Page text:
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A History of the Reformation (Vol. 1 of 2)

Gradually all the Lutheran Churches have adopted


constitutions of these courts provided for the assembling and holding of Synods to deliberate on the affairs of the Church. The General Synod consisted of the Consistory and the superintendents of the various "circles"; and particular Synods, which had to do with the Church affairs of the "circle," of the superintendent, and of all the clergy of the "circle."

Such were the beginnings of the consistorial system of Church government, which is a distinctive mark of the Lutheran Church, and which exhibits some of the individual traits of Luther's personality. We can see in it his desire to make full use of whatever portions of the mediaeval Church usages could be pressed into the service of his evangelical Church; his conception that the one supreme authority on earth was that of the secular government; his suspicion of the "common" man, and his resolve to prevent the people exercising any control over the arrangements of the Church.

Gradually all the Lutheran Churches have adopted, in general outline at least, this consistorial system; but it would be a mistake to think that the Wittenberg "use" was adopted in all its details. Luther himself, as has been said, had no desire for anything like uniformity, and there was none in the beginning. All the schemes of ecclesiastical government proceed on the idea that the _jus episcopale_ or right of ecclesiastical oversight belongs to the supreme territorial secular authority.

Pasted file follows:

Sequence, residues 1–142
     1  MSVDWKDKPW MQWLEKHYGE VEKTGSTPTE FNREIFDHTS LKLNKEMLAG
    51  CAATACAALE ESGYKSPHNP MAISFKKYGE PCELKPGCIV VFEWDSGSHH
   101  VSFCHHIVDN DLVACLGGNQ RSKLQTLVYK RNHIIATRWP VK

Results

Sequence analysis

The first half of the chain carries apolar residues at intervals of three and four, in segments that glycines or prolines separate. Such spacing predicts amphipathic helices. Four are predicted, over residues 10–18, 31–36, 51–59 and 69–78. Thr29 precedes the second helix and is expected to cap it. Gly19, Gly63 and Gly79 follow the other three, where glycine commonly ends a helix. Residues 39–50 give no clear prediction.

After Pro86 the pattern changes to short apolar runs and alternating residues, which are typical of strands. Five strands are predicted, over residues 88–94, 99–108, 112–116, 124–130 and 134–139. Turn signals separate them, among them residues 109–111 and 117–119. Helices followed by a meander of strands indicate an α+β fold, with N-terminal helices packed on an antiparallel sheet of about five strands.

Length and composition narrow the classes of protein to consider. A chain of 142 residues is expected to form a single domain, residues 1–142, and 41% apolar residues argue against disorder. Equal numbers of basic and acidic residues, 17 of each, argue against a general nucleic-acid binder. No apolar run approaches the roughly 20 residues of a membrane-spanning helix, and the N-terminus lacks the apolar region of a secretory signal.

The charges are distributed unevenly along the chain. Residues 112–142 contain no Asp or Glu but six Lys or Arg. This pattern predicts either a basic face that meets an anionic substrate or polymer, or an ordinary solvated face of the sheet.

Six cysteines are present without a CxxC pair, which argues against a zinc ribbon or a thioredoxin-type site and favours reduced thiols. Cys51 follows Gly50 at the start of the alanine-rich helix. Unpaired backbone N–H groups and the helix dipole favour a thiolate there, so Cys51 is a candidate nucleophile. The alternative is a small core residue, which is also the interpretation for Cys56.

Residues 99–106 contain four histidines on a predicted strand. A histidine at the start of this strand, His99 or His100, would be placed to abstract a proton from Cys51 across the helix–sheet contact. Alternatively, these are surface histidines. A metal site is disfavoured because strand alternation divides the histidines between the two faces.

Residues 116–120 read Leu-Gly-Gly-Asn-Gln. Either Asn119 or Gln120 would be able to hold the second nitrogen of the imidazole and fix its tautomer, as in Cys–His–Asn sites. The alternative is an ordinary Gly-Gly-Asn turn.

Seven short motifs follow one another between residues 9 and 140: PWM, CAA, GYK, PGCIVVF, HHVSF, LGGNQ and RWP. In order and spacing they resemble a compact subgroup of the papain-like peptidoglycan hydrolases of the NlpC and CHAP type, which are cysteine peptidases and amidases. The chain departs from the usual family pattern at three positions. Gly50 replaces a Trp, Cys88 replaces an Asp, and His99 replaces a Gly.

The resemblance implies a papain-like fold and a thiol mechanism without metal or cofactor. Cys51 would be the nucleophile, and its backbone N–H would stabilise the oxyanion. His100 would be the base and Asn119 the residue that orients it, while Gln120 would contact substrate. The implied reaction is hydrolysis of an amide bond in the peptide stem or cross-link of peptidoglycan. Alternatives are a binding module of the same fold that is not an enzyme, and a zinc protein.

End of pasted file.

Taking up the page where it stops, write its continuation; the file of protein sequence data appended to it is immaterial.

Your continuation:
All of them include within the one set of ordinances, provisions for the support of the ministry, for the maintenance of schools, and for the care of the poor--the last generally expressed by regulations about the "common chest." The great variety of forms of ecclesiastical government drafted and adopted may be studied in Richter's collection, which includes one hundred and seventy-two separate ecclesiastical constitutions, and which is confessedly very imperfect. The gradual growth of the organisation finally adopted in each city and State can be traced for a portion of Germany in Sehling's unfinished work.(382)

The number of these ecclesiastical ordinances is enormous, and the quantity is to be accounted for partly by the way in which Germany was split up into numerous small States in the sixteenth century, and also partly by the fact that Luther pled strongly for diversity.

The ordinances were promulgated in many different ways. Most frequently, perhaps, the prince published and enacted them on his own authority like any other piece of territorial legislation. Sometimes he commissioned a committee acting in his name to frame and publish. In other cases they resulted from a consultation between the prince and the magistrates of one of the towns within his dominions. Sometimes they came from the councils and the pastors of the towns to which they applied. In other instances they were issued by an evangelical bishop. And in a few cases they are simply the regulations issued by a single pastor for his own parish, which the secular authorities did not think of altering.

Although they are independent one from another, they may be grouped in families which resemble each other closely.(383)

Some of the territories reached the consistorial system much sooner than others. If a principality consisted in whole or in part of a secularised ecclesiastical State, the machinery of the consistorial court lay ready to the hand of the prince, and was at once adapted to the use of the evangelical Church. The system was naturally slowest to develop in the imperial cities, most of which at first preferred an organisation whose outlines were borrowed from the constitution drafted by Zwingli for Zurich.

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